Viewers: in countries Watching now:
In this course, Chris Meyer demonstrates the most common techniques for adding selective transparency to layers in After Effects through the use of masks, track mattes, and stencils. In addition to explaining the tools and basic theory behind transparency, the course covers several practical applications for these techniques, including isolating objects, creating vignettes, and filling text with visual texture. Tutorials on crafting custom transitions and other treatments are also included. Exercise files accompany the course.
The After Effects Apprentice videos on lynda.com were created by Trish and Chris Meyer and are designed to be used on their own and as a companion to their book After Effects Apprentice. We are honored to host these tutorials in the lynda.com Online Training Library®.
I want to show you a couple of ideas how to combine multiple mask shapes. If you've got the exercise files that came with this lesson, open up the project 05-Mask Modes' Starter. This is just our landscape that we played around with at the very beginning of this lesson. Let's start with a couple of simple mask shapes, just to illustrate a point, then we'll move on to more complex example. I am going to make sure my layer is selected, very important, select my Mask Shape tool and go to Rectangle to start, drag out a part of this landscape, like that.
Change to an Ellipse tool and drag out. The second portion of landscape that intersects with the first one, so I have two masks. I'm going to go ahead and rename this oval, rectangle, all right. Next to the mask names is a popup that is the Mask mode. How do these masks interact with each other? Add is the default that basically says keep adding what's inside a mask to create a composite image.
Well, let's say we take the oval and say instead of adding, I want to subtract you. Now the oval is cutting out the rectangular mask. What if I say, just show me the Intersection in between you two? Now this is just where the oval and the rectangle overlap each other. And finally show me the Difference between the two, exclude where the two overlap but give me everything else where they don't overlap. There is other modes as well, such as Lighten and Darken. These come in handy when you have partial transparency and you're trying to get areas such as feathered mask to overlap nicely, and of course, you always have the ability to invert masks.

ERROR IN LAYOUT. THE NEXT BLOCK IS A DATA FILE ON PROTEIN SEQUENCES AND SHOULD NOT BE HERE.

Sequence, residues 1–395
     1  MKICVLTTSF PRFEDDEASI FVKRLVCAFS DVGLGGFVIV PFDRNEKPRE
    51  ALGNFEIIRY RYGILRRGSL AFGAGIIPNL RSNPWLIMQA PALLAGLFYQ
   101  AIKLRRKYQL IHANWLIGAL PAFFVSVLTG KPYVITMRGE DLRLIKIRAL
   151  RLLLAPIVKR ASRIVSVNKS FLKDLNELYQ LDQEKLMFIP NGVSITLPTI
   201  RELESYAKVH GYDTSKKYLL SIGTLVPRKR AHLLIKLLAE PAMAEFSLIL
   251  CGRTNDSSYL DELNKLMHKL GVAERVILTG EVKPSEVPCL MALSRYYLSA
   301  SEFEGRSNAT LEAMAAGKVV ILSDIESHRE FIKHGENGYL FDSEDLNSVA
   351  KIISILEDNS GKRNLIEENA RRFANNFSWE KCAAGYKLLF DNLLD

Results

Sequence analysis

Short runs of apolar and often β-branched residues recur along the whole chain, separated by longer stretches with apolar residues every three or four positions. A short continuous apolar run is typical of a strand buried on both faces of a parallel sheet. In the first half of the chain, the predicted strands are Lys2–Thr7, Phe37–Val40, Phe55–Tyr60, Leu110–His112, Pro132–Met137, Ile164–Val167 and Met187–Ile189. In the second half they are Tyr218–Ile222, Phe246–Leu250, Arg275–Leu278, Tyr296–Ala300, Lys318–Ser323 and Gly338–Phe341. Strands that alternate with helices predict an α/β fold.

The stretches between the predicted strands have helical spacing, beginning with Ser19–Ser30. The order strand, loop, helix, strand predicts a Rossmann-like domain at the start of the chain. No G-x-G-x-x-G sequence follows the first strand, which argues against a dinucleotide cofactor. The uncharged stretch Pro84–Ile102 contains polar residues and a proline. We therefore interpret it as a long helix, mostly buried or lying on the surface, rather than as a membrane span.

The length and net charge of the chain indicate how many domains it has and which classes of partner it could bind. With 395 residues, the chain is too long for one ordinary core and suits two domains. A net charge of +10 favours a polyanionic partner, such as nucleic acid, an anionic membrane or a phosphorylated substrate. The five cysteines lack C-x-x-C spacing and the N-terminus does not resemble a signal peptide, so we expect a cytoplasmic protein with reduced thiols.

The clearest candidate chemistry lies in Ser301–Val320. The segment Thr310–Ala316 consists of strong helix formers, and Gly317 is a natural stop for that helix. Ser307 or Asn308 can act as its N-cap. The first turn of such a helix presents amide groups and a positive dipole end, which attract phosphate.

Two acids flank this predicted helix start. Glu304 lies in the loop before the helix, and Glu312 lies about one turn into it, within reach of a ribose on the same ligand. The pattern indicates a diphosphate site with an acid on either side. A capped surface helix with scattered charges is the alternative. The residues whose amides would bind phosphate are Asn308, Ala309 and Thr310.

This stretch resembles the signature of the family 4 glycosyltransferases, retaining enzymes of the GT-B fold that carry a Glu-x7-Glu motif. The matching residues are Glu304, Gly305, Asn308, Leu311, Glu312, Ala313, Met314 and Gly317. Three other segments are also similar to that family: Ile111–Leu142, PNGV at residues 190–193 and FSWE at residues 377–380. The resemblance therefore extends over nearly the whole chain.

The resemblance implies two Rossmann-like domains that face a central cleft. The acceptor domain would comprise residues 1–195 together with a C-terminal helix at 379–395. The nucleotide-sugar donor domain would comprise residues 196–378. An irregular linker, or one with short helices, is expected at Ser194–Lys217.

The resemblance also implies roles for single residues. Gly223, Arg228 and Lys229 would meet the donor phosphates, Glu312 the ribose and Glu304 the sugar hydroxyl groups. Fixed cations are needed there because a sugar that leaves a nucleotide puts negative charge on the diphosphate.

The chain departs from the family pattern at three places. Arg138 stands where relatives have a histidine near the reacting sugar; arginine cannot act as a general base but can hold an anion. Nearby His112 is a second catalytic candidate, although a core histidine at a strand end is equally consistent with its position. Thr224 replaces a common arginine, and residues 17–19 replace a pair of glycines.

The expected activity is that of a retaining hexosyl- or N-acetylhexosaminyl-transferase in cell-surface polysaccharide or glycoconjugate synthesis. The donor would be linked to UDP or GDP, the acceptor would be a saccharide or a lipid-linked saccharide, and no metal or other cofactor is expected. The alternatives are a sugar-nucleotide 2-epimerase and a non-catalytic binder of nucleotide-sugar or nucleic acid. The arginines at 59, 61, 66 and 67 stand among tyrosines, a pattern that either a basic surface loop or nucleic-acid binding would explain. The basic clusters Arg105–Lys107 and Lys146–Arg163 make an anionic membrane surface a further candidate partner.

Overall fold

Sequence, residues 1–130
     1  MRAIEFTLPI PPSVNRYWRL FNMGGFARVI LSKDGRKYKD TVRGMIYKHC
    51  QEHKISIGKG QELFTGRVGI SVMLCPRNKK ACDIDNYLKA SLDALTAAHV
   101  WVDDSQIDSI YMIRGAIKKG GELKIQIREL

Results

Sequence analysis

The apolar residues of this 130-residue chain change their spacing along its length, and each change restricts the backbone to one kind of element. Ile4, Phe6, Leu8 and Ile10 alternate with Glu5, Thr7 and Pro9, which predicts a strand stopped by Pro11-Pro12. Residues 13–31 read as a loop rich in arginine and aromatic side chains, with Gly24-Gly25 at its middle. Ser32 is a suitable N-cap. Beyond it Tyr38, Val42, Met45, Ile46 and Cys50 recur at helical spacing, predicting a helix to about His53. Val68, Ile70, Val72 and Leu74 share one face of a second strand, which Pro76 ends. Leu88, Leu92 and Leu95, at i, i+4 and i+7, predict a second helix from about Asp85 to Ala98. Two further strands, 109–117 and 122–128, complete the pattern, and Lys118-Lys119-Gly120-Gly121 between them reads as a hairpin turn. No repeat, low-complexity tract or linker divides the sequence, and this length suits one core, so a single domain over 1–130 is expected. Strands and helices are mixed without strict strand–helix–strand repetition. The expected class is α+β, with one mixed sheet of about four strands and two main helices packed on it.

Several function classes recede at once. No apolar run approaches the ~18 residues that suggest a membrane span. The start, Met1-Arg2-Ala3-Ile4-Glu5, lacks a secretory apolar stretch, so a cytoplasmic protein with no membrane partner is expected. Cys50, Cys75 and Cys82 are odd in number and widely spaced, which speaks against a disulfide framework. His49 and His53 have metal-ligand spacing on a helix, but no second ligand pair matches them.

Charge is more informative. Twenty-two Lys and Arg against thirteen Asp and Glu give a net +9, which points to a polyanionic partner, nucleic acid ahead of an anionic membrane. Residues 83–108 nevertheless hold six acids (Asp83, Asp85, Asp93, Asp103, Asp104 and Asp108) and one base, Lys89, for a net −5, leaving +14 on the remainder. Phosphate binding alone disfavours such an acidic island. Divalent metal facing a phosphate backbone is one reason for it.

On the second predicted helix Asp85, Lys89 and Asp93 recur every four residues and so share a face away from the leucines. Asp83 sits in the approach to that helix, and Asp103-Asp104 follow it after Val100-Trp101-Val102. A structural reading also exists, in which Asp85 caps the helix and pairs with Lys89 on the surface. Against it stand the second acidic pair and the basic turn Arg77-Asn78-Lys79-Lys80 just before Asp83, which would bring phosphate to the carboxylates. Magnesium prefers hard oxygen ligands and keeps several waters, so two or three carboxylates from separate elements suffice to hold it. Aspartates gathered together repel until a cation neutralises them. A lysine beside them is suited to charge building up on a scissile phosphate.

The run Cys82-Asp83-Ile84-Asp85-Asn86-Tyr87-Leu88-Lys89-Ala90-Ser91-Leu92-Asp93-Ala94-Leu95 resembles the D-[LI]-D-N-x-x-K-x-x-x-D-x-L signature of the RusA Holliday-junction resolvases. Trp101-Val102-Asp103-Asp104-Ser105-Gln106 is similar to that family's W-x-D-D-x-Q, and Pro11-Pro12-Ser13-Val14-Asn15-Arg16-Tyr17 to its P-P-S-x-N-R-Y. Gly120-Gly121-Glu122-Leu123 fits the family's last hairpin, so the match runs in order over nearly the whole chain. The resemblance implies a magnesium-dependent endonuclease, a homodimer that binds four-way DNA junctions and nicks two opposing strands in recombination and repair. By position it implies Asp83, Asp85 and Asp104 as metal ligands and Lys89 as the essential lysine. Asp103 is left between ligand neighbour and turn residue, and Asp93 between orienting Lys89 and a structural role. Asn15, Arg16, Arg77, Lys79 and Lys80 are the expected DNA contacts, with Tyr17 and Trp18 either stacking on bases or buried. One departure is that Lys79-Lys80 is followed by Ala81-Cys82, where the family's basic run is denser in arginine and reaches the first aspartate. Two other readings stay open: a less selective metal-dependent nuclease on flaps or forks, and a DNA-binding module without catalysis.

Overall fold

By the way the stacking order also has some effect on how these masks interact with each other. I need to go back to Add and maybe I'll go to simple Subtract there or Invert. Anyway that's the general concept of mask modes. Now let's have a bit more fun. I'm going to Layer > Mask > Remove All Masks, and now let's say I want to start off with just a simple oval mask that's going to go ahead and take in most of the landscape. With my layers selected, I'll double click the Ellipse tool and now I've got a nice oval to start with.
Now let's say I want something more complex inside the middle of here, say, well, how about these leaves I was playing with earlier? So let's go back to those leaves. I can either select one keyframe to select just that mask shape and copy it, or I can click on the word Mask Path, highlighting both of the keyframes, and copy the entire mask animation. I will do Command+C or Ctrl+C, go back to my Mask Modes*starter, make sure the current mask is not selected.
I don't want to replace it. I want to create a brand-new mask. To do that I can hold down the Shift+F2, which says keep the layers selected by deselecting anything inside like a mask shape. Command+V or Ctrl+V to paste and there is my leaves. But they are not doing anything, because you are just adding to the existing oval and the oval encompasses the leaves. Let's say I want that to cut out, very simple. I'll say Subtract. And now the leaves have been cut out from the oval. Now, what if I want the opposite effect? Maybe I want the oval to subtract from the overall shape, and the leaves to add their shape back in.
You get an idea now of how these different shapes can interact and you can have a bit of fun. So don't restrict yourself to trying to draw everything with one mask shape. Think about how you might be able to create multiple shapes and have them interact in interesting ways to create more complex looks in animations.
Find answers to the most frequently asked questions about After Effects Apprentice 05: Creating Transparency .
Here are the FAQs that matched your search "" :
Sorry, there are no matches for your search "" —to search again, type in another word or phrase and click search.
Access exercise files from a button right under the course name.
Search within course videos and transcripts, and jump right to the results.
Remove icons showing you already watched videos if you want to start over.
Make the video wide, narrow, full-screen, or pop the player out of the page into its own window.
Click on text in the transcript to jump to that spot in the video. As the video plays, the relevant spot in the transcript will be highlighted.